It takes a pretty low individual to try to defraud our active duty and reserve servicemen and women, but military scams are on the rise. Whether it’s identity theft, phishing attempts, or any of the other dozens of ways that criminals have gone after our soldiers and their families, criminals target these individuals due to their high propensity for moving around every few years, the likelihood of long-term active duty deployment that keeps them away from home, and the increased chances that their job will prevent them from staying on top of their bills and their identity. Coupled with the fact that soldiers have a steady income and are not likely to “quit” their jobs without notice, members of the military are an ideal target for thieves.

The many ways that the Identity Theft Resource Center recommends preventing identity theft—things such as monitoring your credit reports routinely, not giving out your Social Security number, checking your bank and credit card statements carefully for discrepancies, and more—are often low priorities if not downright impossible for a deployed soldier. And thieves not only know that, they’ve come up with ways to take advantage of a shameful but golden opportunity.

Sadly, the aftermath of a scam or data breach—something which would be very inconvenient for an average citizen, but ultimately can be resolved—isn’t just a source of frustration or upset when you’re in the military. These incidents can have legal and criminal repercussions for a member of the military if they’re left unaddressed. Bad credit, bill collectors, defaulted mortgages or car loans, and other common financial consequences can quite easily land a soldier in front of a commanding officer or even a court martial board.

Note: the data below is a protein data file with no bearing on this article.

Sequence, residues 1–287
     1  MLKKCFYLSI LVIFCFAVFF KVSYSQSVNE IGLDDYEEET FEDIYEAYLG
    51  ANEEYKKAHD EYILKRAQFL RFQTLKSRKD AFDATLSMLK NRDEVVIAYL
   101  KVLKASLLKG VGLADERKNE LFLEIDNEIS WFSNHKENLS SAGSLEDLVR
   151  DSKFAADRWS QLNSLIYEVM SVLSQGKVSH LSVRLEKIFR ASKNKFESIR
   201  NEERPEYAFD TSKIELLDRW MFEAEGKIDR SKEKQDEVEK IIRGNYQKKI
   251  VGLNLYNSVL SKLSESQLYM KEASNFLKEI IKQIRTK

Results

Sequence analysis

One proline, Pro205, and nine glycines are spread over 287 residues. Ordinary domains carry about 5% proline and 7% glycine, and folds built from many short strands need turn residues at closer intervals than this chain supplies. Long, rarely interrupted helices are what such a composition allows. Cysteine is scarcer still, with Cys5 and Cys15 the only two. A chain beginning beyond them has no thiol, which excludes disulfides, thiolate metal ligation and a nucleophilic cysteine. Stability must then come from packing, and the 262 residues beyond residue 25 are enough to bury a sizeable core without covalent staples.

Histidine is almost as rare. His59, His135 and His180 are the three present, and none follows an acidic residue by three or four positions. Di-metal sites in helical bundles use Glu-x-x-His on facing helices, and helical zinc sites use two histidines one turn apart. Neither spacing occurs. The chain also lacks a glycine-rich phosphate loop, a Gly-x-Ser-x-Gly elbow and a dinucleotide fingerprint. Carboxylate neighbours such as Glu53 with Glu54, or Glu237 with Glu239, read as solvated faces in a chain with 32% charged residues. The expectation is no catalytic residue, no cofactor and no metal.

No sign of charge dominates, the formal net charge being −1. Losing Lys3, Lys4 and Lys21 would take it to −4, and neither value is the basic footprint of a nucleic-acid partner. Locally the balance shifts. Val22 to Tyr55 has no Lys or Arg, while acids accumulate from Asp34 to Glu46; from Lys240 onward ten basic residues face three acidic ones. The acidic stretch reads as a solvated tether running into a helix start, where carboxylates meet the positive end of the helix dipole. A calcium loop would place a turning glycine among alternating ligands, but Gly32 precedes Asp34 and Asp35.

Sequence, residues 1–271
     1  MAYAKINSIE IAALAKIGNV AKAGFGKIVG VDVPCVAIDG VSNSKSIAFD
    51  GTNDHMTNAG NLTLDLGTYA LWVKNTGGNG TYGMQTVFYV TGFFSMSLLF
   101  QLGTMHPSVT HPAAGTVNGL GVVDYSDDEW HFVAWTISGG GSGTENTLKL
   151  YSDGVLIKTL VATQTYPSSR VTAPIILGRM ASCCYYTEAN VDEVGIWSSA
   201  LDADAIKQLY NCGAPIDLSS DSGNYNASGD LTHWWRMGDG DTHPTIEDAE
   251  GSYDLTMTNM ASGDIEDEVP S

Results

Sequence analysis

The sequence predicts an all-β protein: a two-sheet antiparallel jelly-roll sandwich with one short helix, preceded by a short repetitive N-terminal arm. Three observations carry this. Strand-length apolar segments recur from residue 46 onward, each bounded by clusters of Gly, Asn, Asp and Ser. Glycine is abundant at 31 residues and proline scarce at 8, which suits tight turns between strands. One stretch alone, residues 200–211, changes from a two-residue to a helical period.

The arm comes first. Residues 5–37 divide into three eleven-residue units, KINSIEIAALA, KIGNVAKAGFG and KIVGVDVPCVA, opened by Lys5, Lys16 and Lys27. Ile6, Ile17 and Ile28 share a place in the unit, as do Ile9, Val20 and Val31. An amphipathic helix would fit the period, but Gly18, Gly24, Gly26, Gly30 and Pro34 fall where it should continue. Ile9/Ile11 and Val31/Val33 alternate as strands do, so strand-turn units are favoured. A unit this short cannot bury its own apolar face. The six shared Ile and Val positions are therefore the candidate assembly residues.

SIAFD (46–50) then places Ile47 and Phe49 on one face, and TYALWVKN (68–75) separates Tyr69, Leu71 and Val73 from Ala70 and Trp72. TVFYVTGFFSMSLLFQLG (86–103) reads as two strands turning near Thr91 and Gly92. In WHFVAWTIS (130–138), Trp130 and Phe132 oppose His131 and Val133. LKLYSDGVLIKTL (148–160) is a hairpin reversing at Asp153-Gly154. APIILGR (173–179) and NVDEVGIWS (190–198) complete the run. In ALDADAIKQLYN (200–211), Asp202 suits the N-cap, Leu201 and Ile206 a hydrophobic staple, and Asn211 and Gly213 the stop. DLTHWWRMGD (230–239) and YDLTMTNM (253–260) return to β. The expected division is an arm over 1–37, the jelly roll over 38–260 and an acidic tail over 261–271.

Fortunately, not only have organizations like the ITRC setup assistance lines for anyone affected by identity theft or scams, but several organizations have put measures and assistance in place specifically for the military.

The Department of Defense instituted the Military One office to provide support and legal assistance in the event of a scam or personal data breach. That office works in conjunction with the Federal Trade Commission’s Scam Watch and the Treasury Department’s Consumer Financial Protection Bureau to provide support and help applicants file claims. The Better Business Bureau also has its own division called the Military Line to offer education and complaint resolution to our service members.

There are some steps that the military and their families can take to minimize their risk. Just like with everyday citizens, a lot of it has to do with staying on top of their statements and reports, and safeguarding their information. Typical behaviors like shredding documents before discarding them, keeping your Social Security card in a safe place and out of your wallet, and monitoring your credit are all important.

But did you know you can put an active duty freeze on your credit report that will block anyone from opening new accounts or lines of credit in your name? It’s a great step if you know you won’t be opening any new accounts while you’re deployed, but do remember that it can cause a delay if a spouse or other designee needs to establish a new account. This freeze can be undone at any time, but it does take some time to unlock your credit.

Also, if you’re relying on a centralized computer station on the base that will be shared with other users, remember to completely log out of any accounts that you checked online; if time and protocol allows, you can even restart the computer after you use it so that your information isn’t sitting there for the next individual to find.

Finally, remember that any offer that sounds too good to be true probably is. It can be tempting to take advantage of an offer that appears on the surface to provide peace of mind or financial stability for your family back home, but don’t fall for any offers that make huge promises, even if their communication and their site look like they’re working for our soldiers. Always check out an offer with the Better Business Bureau or other scam prevention sites before clicking.


To read more about resources specific to our military service members, click here.


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